fft-2018-06-18-17h04m28s790(Since Tactics was released a mere six months after FFVII, before FFVII was even released internationally, that means it must have been in development around the same time. This makes me wonder: what if this game’s FFVII’s references were put here because the games were contemporaries, rather than because of FFVII’s blockbuster status? I joked to Kyle about an improbable alternate universe where FFVII was only an obscure, cult hit but FFT wildly successful, and FFT’s references were one of the few franchise references to “that forgotten, early-3D black sheep, Final Fantasy VII.”)

There was no battle at Sal Ghidos, or at least not yet. But there were Errands, and this is where we came into our plan to finally make Josephine (and Wilham, I suppose) a useful Arithmatician. It was simple, really: after using these new Errands to get her JP, we’d simply change her to a job that wasn’t like a tortoise for regular battles, and change back to Arithmatician for future Errands. Obvious in hindsight. Unfortunately, the Sal Ghidos Errands only dredged up enough points for a single upgrade, and remember that Arithmaticks needs at least two upgrades to function!

fft-2018-06-18-17h05m10s407At this point, we decided to chase the new sidequests rather than move on with the plot. After buying Aerith’s flower, you’re able to return to Goug (the other side of the map) to progress the sidequest, as Aerith’s flower scene indirectly causes Mustadio’s father to show you another weird auracite device. Only then can you go to Nelveska Temple to find the auracite that powers it. This cross-country trip to Goug and back chewed up so much time through random battles that, when we had finally finished in Nelveska (below), Kyle and I decided not to return to Goug to turn on the machine and collect our reward. Instead, we would flip off the whole affair, and to come back at the end of the game, since a walkthrough had told us the walk would be shorter at that point! Benefits be damned! It’s not like those benefits were any good to begin with!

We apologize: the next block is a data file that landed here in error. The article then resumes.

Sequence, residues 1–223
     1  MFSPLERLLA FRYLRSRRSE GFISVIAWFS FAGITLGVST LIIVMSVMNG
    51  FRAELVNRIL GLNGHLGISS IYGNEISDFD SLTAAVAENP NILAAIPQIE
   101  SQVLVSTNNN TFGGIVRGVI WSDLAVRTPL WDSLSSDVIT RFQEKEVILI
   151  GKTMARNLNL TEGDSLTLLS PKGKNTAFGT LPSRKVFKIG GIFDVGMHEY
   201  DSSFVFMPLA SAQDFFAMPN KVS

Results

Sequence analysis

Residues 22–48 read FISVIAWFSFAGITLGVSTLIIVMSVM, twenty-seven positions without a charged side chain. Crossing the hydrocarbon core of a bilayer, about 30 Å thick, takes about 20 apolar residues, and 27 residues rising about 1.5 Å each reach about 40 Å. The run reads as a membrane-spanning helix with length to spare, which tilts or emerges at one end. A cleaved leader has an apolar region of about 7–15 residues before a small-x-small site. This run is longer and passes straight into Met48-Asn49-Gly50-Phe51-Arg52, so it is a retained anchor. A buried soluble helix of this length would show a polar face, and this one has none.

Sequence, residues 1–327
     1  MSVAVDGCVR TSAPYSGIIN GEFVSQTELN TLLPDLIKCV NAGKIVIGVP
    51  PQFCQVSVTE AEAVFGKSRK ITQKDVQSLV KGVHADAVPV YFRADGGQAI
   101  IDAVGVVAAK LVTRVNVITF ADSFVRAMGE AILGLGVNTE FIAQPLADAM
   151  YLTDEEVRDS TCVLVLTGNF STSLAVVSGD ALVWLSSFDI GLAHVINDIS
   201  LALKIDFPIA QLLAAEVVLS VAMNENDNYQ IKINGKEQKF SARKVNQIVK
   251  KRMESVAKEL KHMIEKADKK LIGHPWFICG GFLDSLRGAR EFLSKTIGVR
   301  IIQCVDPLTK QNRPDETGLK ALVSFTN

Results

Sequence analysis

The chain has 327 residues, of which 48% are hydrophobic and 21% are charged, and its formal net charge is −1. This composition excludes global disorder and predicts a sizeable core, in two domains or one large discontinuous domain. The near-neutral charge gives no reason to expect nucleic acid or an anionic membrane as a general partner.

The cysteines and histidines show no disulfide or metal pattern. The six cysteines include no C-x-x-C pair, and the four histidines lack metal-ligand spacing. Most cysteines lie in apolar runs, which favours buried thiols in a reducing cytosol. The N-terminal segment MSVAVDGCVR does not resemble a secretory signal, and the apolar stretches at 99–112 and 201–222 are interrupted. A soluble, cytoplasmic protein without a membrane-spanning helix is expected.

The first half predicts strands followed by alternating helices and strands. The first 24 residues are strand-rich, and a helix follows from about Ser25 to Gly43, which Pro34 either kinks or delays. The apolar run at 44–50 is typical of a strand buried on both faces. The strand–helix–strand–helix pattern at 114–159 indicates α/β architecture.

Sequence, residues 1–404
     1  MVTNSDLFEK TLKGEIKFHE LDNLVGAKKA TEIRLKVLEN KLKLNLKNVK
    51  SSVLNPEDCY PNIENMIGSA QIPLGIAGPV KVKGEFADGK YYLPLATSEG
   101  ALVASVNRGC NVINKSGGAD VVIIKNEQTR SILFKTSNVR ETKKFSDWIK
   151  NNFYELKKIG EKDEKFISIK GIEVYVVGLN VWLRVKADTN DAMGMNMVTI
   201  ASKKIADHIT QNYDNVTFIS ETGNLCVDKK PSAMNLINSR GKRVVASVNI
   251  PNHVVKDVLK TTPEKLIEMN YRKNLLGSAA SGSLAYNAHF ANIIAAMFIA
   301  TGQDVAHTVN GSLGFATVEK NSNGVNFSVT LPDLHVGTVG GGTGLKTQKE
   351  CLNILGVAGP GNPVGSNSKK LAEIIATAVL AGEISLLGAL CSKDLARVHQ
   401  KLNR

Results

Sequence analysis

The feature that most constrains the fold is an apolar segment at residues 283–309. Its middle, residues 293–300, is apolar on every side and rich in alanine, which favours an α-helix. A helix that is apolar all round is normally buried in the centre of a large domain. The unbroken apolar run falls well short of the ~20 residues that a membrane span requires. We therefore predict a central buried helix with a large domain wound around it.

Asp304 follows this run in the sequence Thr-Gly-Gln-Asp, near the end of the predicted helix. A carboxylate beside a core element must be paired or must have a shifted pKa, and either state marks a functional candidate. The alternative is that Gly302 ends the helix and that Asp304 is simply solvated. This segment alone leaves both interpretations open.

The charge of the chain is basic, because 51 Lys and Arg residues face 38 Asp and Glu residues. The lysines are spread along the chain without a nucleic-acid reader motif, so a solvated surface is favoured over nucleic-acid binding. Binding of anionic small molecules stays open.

Battle 45: Nelveska Temple

An hour and a half later, we were back at Nelveska and ready to actually explore it. Geeze, would it have killed Ramza to have walked into the temple under his own impetus? This was going to be an unusual battle. Winning it would be no problem, which only made our frustration all the more palpable. No, the real benefit to this battle were two top-tier, hidden items, a spear and a shield, that you can only find with the Treasure Hunter ability, and can only be found in this one battle, as Nelveska has no random encounters.